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The Housewarming: A completely unputdownable psychological thriller with a shocking twist Kindle Edition
|Length: 350 pages||Word Wise: Enabled||Enhanced Typesetting: Enabled|
|Page Flip: Enabled||
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- File size : 1784 KB
- Publication date : October 23, 2020
- Word Wise : Enabled
- Print length : 350 pages
- Language: : English
- ASIN : B08F273DPR
- Publisher : Bookouture (October 23, 2020)
- Enhanced typesetting : Enabled
- X-Ray : Not Enabled
- Text-to-Speech : Enabled
- Lending : Enabled
- Best Sellers Rank: #1,339 in Kindle Store (See Top 100 in Kindle Store)
- Customer Reviews:
Top reviews from the United States
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I have read every single book by S.E. Lynes and enjoyed them all. Until this one.
The writing is great, as always. The characters are distinctly written, the story draws you in. But in the case of this book, those weren’t enough ...
I found myself skipping many pages at a time due to the redundant chapters. On and on and on with the circling thoughts of the main character. My interest didn’t pick up until I was about 60% in, because finally, there was some action. But by that time, despite feeling empathy over what the characters were going through, I just felt no connection with any of them.
The twists towards the end were ludicrous to me, and I felt very cheated after slogging through the whole, monotonous story.
I’m also getting tired of the missing toddler trope so prevalent in the British suspense and psychological thriller genre. But I knew what it was about going in, so that’s on me, and I didn’t base any of my review on it.
I can understand why some readers reviewed this highly, but it just wasn’t for me.
Then the neighbors have a housewarming party to show off their house that they have been renovating for the past year- everyone has connections to these neighbors- the wife has become somewhat of a friend to Ava, and Matt's best friend Neil is the builder who worked on the renovations. Ava has to be convinced to go, but when she does, there are a lot of alcohol-infused conversations that make her question what role others had to play in Abi's disappearance.
The book really picks up the pace at the point of the party and follows it through to the end. There are a lot of secrets and confessions and when the truth is revealed, it's really very heartbreaking. Lynes also throws in another twist just when you think you had everything figured out. Though the book started off a little slow for me, the ending made it all worth it and I know this is a story that will stick with me.
Overall, I'd recommend this book, though prepare to feel sad. I have liked everything Lynes has written and this is no exception. Thanks to Netgalley for providing me a copy of this book in exchange for an honest review.
The story could have been great, had the the first half of the book not dragged out forever. I had to skim most of it out of boredom.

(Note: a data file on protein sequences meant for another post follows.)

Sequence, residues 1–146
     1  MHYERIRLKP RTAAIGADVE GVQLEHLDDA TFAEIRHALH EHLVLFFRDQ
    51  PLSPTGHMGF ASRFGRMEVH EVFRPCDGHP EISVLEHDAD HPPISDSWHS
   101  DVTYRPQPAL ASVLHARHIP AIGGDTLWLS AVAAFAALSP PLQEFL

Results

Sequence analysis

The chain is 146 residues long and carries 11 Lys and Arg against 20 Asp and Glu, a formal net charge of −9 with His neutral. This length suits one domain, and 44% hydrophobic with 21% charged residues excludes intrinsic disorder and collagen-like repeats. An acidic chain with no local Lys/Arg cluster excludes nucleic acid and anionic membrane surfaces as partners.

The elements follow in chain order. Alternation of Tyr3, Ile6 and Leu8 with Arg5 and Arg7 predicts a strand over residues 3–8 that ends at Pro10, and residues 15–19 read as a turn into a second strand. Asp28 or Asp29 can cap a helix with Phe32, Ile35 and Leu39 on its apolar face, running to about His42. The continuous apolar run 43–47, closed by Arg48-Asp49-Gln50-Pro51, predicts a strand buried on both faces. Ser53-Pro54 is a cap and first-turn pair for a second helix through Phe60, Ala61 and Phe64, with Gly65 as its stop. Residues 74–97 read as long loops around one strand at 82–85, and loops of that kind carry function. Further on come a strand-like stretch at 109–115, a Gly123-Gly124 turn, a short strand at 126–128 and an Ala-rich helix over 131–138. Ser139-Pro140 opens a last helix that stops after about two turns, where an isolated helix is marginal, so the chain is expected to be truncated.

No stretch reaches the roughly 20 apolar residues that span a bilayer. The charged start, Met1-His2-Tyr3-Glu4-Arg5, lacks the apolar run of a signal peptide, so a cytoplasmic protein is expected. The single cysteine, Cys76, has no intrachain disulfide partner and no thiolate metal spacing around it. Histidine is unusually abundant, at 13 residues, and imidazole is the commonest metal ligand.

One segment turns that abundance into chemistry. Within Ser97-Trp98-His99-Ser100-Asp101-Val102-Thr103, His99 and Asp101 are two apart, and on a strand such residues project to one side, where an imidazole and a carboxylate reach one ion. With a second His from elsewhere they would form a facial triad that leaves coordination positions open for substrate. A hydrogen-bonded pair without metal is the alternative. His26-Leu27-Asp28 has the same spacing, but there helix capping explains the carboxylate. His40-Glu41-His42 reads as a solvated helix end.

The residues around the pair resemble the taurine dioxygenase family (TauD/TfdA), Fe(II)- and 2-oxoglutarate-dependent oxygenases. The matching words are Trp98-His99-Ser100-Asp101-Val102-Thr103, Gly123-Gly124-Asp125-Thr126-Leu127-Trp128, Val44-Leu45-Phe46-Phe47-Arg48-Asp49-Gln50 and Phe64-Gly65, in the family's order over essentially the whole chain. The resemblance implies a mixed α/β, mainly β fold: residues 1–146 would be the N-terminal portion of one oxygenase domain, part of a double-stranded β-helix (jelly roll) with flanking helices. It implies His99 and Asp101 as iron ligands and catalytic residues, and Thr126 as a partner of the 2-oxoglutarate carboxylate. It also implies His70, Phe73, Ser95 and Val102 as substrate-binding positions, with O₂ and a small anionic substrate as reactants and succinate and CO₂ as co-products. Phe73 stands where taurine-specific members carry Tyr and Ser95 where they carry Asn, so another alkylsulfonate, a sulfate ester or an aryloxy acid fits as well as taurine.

Top reviews from other countries
Not only is this an entertaining and totally engrossing psychological read, it is emotionally intelligent, conveying line after line the horror and panic of a mother whose child suddenly disappears. The depth of emotion experienced by Abi's Mum Ava, her husband Matt, neighbours Neil and Bella Johnson and other neighbour Jen is rich, diverse and utterly compelling. I literally held my breath for Ava, running around the streets of Riverside Drive, desperate and terrified to locate 2 year old Abi having discovered the front door open and the buggy empty. I had physiological symptoms of racing heart and nausea, connecting immediately with grief stricken Ava, and my affinity with her simply deepened as the story unfolds.
We meet Ava one year after the events of that fateful early September morning but frequently travel back to the day itself. The power of the past, present and future colliding, of the way in which grief builds and rips apart what once was, hits the reader from the outset. I thoroughly enjoyed the switches in time, back and forth and I liked the use of multiple narrators, hearing from Matt, and later on others too.
The sense of not knowing whether your missing child is actually dead rather than simply presumed dead, or whether she has been snatched and is living a different life elsewhere is all consuming and written about so compassionately by SE Lynes. The trying to continue with life, keep a marriage surviving and exist through the pain to live day to day and yet all the while the events of one day are circulating endlessly in your head, over and over and over, leaps of the page in a word or two. A torture no parent ever wants to endure.
The plot is tight, fast paced and written to hold on to every reader in a vice like grip whilst remaining sensitive and intuitive. This is what makes the book so readable, because every character, their actions, motivations, and relationships with one another are minutely observed and you feel as if you too live in the same road, part of the community who should have been able to help Abi but who ultimately failed to do so because of the way in which we become way too absorbed in our own little pockets of life.
Friendships will be tested and many tears shed as Jen and Johnnie's housewarming party acts as a catalyst for some shocking revelations which eventually bring to light some inconsistencies that are very hard to face.
I will not write any more for fear of spoiling the plot and undermining some HUGE twists. They left me open mouthed and incredulous at how clever this plot is. Not only does the final section of the book leave one gasping, the truths also get you thinking about human behaviour and for me that is what makes a good book GREAT.